The foreman of her unit, Myung Hee Hwang, and I were considered responsible for her crime so we were sent to solitary confinement.

One officer said of Young Sun Suh, "Her behavior is contempt against the International Youth Festival and discredits Kim Il Sung's authority. This is an anti-Communist act." Young Sun Suh was sent to the interrogation office.

Before Young Sun Suh became a prisoner, she had worked as a cook for construction workers. She was so sweet and nice to everyone. The construction workers asked her for more rice, so she cooked more for them. At the end of the month, the supply of rice was considerably less, so she was accused of stealing.

In the interrogation office, Young Sun Suh was so afraid of being tortured that she agreed to whatever the officer said. She was executed before everyone's eyes in May 1990. It was not easy to forget her even after her death.

Before Myung Hee Hwang and I were put into solitary confinement, we had to write a self-criticizing document. I wrote as one officer dictated, "With the care of Kim Il Sung, I had a life without any worry. Instead of giving my utmost loyalty to his care, I ungratefully betrayed him by breaking prison policy"

It made me very upset to write such nonsense as "with the care of Kim Il Sung, I had a life without worry," but I had to be silent and patient. As I stood there with a blank look, the rehabilitation section chief said, "Why are you standing there like that? You should be thankful that we let you live rather than kill you for your crime." After I finished writing, we came out of the office.

That night after a hard day of 'work, I was entering my cell when I heard my name being called for solitary confinement.

As I went, a cell control security officer, a short and stocky woman, said in a thick Northern accent, "Soon Ok! What's the matter? We especially trusted you and put you in a record keeping position. You were not supposed to break our trust like this. Now you're heading for solitary confinement." In reality, no matter how well the prisoners behaved, almost everyone in prison was sent to solitary confinement.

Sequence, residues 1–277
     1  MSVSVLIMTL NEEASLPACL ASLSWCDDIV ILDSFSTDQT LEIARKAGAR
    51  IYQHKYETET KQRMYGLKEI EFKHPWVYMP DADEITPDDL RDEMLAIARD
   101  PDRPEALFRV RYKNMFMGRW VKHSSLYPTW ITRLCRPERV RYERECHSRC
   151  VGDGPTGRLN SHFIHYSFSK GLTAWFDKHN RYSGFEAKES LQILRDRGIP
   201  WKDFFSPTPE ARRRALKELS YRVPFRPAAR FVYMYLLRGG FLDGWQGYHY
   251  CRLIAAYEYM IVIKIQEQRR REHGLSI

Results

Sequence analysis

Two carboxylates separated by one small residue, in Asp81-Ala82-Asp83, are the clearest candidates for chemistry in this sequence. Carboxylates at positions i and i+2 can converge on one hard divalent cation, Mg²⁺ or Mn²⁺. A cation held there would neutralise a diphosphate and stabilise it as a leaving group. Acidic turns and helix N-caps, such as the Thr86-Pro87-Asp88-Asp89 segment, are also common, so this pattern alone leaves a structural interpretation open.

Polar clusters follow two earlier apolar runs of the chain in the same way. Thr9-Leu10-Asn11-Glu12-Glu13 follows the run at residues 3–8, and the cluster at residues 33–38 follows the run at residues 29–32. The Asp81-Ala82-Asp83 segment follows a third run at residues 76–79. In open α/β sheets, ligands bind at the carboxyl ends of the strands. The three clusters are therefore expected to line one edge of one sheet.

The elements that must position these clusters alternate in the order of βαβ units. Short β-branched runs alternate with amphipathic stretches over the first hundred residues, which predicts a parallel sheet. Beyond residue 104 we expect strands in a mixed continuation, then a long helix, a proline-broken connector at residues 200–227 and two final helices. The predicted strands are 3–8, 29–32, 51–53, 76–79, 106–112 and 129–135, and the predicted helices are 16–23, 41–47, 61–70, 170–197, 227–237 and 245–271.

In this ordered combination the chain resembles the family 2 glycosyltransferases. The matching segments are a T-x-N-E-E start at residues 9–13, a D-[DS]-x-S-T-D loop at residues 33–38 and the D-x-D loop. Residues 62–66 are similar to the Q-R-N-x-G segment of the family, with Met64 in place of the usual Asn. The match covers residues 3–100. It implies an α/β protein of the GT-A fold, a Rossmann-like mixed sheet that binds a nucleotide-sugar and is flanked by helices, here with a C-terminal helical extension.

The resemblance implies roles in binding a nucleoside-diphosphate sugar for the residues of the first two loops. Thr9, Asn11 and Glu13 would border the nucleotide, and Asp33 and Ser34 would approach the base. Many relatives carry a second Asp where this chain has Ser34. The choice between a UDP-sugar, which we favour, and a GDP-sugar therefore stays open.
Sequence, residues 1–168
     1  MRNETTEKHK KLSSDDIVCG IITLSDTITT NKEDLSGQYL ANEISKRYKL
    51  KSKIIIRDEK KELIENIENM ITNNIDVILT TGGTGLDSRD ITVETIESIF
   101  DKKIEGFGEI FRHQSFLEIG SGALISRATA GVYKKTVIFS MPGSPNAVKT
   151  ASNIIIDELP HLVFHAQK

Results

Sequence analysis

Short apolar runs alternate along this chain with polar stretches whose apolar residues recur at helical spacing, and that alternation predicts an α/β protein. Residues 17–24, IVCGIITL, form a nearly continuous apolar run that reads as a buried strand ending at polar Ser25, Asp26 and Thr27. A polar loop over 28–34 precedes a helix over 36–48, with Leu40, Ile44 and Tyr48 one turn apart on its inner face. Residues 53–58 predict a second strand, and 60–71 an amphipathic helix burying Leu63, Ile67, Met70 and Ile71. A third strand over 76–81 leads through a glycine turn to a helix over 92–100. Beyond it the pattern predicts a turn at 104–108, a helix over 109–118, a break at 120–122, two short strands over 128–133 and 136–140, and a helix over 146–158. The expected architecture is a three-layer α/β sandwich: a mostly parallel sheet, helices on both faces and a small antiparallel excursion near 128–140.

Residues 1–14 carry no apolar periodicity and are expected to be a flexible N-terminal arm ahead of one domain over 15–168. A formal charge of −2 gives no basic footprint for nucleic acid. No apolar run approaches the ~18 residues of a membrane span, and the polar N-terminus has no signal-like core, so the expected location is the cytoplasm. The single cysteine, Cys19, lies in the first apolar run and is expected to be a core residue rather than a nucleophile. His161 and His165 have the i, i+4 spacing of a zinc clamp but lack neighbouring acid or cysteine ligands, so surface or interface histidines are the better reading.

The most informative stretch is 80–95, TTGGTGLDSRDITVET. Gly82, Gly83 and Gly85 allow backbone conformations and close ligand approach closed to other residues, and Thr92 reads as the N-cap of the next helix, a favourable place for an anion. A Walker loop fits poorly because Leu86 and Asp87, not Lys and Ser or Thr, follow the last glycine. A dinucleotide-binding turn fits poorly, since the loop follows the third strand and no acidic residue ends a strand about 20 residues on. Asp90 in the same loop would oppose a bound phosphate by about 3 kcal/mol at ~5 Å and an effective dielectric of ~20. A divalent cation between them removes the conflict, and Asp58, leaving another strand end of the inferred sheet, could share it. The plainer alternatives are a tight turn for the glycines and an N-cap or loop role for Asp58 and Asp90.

I entered the cold, dark confinement cell. Since the confinement cell is always dark, I had no idea how many days passed. The only way I could tell was by counting the number of meals I received. When my rice was brought in, I received only 30 grams, which amounted to only a spoonful. After one swallow, the rice was gone and I didn't feel as if any rice ever reached my stomach. After sitting in one position for so long, my hips and waist began to hurt, but I couldn't lean against the thorny wall.

One night, I saw something moving in the dim light. When I got closer, I found a mother rat with a baby in its mouth climbing the wall toward the ceiling. For a minute, I was totally absorbed by every movement of the rat. In my thrill to see the instincts of motherhood in the small animal, I forgot how hungry and cold I was. I thought, Even these small animals take care of their babies, but we humans in this republic aren't allowed to take care of our own children. I felt so miserable about living in a worse environment than the rat lived. I couldn't comprehend why any woman, especially a mother raising children, is brought to this terrible place to secretly cry when thinking of her own children. It was hard to accept this harsh reality.

I remembered the words to a North Korean song, "A woman is a flower of happiness. A woman is a flower of' love in a family But the women in prison were flowers of sadness who cried for their children. They were withered and trampled flowers.

Finally, I was released from solitary confinement. The first few days, whenever I was required to walk, my legs gave way under me. Fortunately, I had a job in which I could walk around a lot so my legs gained strength. But many women who came out of solitary confinement and worked in the same spot all day never walked again.

The Bald Female Prisoners
When Myung Hee Hwang was released from solitary confinement, she was moved to the PoHwa factory, which was a shoe factory It is also one of the hardest places in prison. If prisoners broke prison policy or did not meet the daily quota, they were sent to the shoe factory.

The shoe factory squeezed out the last drop of the prisoners' blood and sweat. Workers were required to produce 3,000 pairs of shoes every day, and each pair went through 58 steps-all done by hand. Pouring hot rubber into the mold and taking the dried rubber out of the mold were especially hard. Many shoes were hung over a big pot of boiling water.

The factory's doors and windows were tightly closed even on hot summer days because the officers said that the outside air caused bubbles to form in the shoe glue. The atmosphere felt like a sauna, and the air easily suffocated first-timers. The temperature must have been above 100 degrees.

The sweaty prisoners always looked as if they had just stepped out of the shower. Because they lost a lot of water through sweating, the prisoners suffered from more severe malnutrition and they fainted easily. They were supposed to receive a bigger ration of salty soup, but they did not get the right amount. Many prisoners lost their hair because of inadequate diet. The shoe factory had more people die of malnutrition than any other factory in the prison.

The shoe factory prisoners were almost naked to endure the heat. Most of the women didn't wear shirts, and they did not even cover their breasts. Their naked bodies were discolored from terrible burns.